The intellect, energy and wisdom balance
By George W Nyabadza
ONE of the most exciting consulting activities I provide is facilitating executive level strategy seminars. My most recen
t engagement was with the management team of a large pharmaceutical group in Zimbabwe.
There is an exciting revolution going on within the corporate sector. Takeovers, mergers and acquisitions have become the norm.
Exciting as these are, worldwide research has shown that unless the acquirer has sufficient management capacity to drive the business forward, most shareholder changes do not yield any significant gains in wealth. One of the problems that Zimbabwean investors face is the shallowness of the pool of seasoned business professionals to draw from. In any event, most of the seasoned business professionals are either in their own ventures or are on their way out of the country.
Zimbabweans are, however, very creative and resourceful. I have seen this coming through in the structuring of new management teams. Most investors have decided to put their faith in young executives. Many of the post merger and acquisition teams are led by thirty something executives. The pharmaceutical group I am talking about is a case in point.
As I look at the cross section of companies that have changed shareholding, the majority of them are being led by these Young Turks. I love Young Turks, their passion and commitment makes every encounter mentally stimulating. Two characteristics give the Young Turks their edge and ability to lead; intellect and energy.
One of the things that Zimbabwe has been blessed with is governments (pre and post-independence) that invested heavily into the education of the people. My mother speaks better English than some managers I encounter in my travels in English-speaking countries.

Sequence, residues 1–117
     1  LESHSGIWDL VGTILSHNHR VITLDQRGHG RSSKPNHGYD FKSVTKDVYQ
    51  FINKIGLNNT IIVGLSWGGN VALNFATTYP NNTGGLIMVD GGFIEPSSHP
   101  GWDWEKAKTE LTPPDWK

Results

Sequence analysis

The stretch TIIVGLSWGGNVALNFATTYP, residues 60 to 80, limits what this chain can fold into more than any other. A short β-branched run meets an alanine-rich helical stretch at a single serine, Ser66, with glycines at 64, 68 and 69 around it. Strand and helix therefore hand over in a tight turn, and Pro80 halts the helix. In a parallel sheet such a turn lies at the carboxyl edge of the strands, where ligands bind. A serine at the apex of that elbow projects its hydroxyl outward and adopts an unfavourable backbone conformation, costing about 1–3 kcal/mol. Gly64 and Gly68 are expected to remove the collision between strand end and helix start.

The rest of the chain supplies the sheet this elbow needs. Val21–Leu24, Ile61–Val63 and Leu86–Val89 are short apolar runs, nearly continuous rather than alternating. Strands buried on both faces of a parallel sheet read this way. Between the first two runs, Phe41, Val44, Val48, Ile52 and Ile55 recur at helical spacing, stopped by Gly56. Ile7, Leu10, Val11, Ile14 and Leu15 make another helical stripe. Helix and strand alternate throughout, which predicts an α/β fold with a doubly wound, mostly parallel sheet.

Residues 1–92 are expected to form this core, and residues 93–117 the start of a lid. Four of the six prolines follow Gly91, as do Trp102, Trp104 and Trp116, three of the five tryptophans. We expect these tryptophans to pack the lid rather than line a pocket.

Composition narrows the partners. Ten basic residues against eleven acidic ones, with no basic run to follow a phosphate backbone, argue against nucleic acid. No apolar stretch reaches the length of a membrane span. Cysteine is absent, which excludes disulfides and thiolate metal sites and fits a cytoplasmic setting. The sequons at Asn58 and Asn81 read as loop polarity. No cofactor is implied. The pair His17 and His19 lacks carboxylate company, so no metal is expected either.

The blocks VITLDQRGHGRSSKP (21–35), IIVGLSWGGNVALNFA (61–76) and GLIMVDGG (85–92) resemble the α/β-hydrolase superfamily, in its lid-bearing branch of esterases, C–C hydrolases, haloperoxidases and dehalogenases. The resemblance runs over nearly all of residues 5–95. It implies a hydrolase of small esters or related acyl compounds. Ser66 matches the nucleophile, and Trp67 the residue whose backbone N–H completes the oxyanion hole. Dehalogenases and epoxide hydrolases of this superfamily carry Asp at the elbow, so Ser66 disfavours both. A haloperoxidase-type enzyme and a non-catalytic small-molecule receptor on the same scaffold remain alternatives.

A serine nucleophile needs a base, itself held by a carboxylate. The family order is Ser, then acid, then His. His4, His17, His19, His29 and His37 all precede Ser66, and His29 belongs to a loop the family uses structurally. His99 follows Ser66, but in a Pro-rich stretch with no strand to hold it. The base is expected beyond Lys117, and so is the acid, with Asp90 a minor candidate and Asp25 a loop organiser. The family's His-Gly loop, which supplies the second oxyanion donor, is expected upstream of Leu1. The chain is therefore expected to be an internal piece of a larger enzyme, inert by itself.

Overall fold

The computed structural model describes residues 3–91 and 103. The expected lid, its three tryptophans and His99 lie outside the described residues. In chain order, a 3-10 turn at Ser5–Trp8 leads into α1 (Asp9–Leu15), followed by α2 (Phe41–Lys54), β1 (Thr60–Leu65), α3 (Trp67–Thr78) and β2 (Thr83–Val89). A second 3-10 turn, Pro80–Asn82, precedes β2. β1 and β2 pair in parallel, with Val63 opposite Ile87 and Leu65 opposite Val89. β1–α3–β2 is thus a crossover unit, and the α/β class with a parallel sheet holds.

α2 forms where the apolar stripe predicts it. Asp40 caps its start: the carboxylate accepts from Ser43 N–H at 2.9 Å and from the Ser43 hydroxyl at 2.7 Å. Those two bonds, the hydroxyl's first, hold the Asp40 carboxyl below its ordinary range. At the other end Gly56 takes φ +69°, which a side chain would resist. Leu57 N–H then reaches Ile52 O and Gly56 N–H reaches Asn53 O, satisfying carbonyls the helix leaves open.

This investment in education has led to massive transfer of our intellectual resources to countries that adequately reward them. This transfer has however benefited those that have stayed in that they have the unique opportunity to hold positions that they really would only have been ready for in their mid forties. The Young Turks are brilliant, make no mistake about that. I was amazed at the strategic clarity displayed by the young CEO I referred to. He is sharp, clear and mentally alert.
To be fair, more than half his team was made up of the bright eyed “thirty-something’s” , all exhibiting clarity of strategic thought in their areas of operation. This high intellectual capacity enables them to conceptualise the future even in the uncertain environment in which they operate.
The Young Turks are all energy. Nothing is impossible to them. Everything is challenged. Everything must be improved. Nothing is evolutionary in their approach. Quantum leaps are taken in every dimension of business operation. Vision is the thing.
The energy released by their captaincy produces miraculous results. In the group I referred to, there has been a sudden turnaround in fortunes that has left everyone amazed. I have no doubt that this is just the beginning. The Young Turks have the energy to galvanise monoliths into nimble and dynamic players, dancing into the future.
Whilst I have a sense of kindred spirit with the Young Turks I must caution against leaving them to their own devices. Intellect and energy will give you tremendous results in the short-term. This is good for the investor who is looking for a quick return.
However, for business and empire builders, intellect and energy must be balanced with wisdom. Wisdom comes with time, and is birthed out of the painful experiences of business life. Most Young Turks have not experienced the full cycles of business and maybe on a success high that may be burst when new realities set in.